Ah – say LOCOG, sucking their teeth and shaking their heads. No, sorry. Tickets all gone. Actually, hold on, you could see the tiddlywinks at the Milton Keynes Bowl? No? Well, sorry, then. Tickets all gone. You did take part in ballot? Yes? And the second one? Yes? No tickets? Oh, well – at least you’ll have the satisfaction of knowing that London did the IOC proud.

So. Chaos. Disruption. Penury. And nothing to show for it.

And then, this morning, in the UK’s free morning paper – The Metro – an advert from Prestige Tickets. We still have tickets, they say, to a range of events, including the athletics – get them while they’re hot, they say. Before they run out, they say. At £595 a ticket, they say.

On their journeys into work this morning, hundreds of thousands of ticketless Londoners, contemplating a summer of difficulty, for which they’ve been forced to pay, in the cause of an event they’ll never see, had their noses rubbed in it, adding the final insult to their forthcoming injury.

The London 2012 Olympic Games. They suck.

 

 

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New Date For The End of The World – 2017

We’ve all seen The Terminator (OK, so maybe some of you haven’t seen The Terminator – if so a) you are undoubtedly a horrible hairy hermit who has been living in a cave, on a diet of unmentionable wiggly things for the past three decades and b) it is a seminal movie from 1984, starring thesp behemoth Arnold Schwarzenegger as a cyborg from the future, sent to kill the mother of the man who will lead the resistance against the machines, in a future where machines have taken over the world).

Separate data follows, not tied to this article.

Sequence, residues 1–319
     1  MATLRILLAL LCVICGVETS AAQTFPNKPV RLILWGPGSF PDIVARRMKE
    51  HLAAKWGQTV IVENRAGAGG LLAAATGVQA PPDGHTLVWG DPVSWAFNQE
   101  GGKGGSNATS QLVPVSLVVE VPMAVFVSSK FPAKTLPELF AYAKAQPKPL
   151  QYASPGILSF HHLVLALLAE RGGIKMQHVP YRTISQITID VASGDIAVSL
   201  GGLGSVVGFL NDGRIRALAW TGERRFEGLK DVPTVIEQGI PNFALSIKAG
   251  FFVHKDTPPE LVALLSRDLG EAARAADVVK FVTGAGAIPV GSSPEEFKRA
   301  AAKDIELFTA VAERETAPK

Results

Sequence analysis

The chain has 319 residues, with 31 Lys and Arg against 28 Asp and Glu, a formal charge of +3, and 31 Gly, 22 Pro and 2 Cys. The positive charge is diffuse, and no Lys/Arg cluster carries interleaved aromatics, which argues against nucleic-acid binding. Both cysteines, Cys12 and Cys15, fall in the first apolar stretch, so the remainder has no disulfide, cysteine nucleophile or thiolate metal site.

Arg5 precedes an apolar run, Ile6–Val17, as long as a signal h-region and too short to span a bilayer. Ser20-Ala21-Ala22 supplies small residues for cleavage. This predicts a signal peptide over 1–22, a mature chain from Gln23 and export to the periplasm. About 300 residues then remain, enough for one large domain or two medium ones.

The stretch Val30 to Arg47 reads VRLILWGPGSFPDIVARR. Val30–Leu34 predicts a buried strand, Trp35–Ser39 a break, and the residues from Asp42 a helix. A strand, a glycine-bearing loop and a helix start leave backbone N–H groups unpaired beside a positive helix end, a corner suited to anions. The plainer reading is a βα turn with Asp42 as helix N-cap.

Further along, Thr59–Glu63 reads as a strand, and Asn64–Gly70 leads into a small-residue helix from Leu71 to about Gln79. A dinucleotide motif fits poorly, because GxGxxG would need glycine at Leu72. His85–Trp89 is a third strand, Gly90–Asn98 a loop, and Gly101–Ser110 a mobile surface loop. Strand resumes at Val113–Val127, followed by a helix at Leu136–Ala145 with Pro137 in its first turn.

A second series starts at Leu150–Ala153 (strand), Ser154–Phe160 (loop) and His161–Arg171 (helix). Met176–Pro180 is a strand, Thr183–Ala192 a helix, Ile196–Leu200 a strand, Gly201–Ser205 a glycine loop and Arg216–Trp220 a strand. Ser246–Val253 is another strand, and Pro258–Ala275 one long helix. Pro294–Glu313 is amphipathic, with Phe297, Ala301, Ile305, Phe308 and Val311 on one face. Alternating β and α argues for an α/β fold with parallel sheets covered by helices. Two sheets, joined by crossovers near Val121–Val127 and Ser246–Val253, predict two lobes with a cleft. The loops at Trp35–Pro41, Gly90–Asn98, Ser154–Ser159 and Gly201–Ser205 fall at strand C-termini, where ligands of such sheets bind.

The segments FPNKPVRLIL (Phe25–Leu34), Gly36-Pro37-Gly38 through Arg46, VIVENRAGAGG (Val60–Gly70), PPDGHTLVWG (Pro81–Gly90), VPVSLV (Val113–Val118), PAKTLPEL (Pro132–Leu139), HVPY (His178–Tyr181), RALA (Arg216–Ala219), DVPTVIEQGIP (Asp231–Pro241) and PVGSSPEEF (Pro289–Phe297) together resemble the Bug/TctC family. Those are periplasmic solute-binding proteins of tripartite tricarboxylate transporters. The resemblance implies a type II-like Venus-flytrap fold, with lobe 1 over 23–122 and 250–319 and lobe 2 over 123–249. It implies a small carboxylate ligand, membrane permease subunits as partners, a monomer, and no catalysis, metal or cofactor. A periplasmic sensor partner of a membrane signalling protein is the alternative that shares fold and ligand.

As I was saying, we’ve all seen The Terminator and know how untidy and radioactive a planet can become when machines decide they’re better at ruling it than the indigenous carbon-based lifeforms that have happily been making a fair old hash of it for the past few millennia.

Here’s an article from The Grauniad (a UK-based daily paper of some note, for those blog trotters of a foreign persuasion) which says that “mobile subscriptions set to rise from 6.2bn now to 9bn by 2017, according to report from Ericsson”. Yes, friends, by 2017 there will be more devices than people on this wee planetoid that we call home.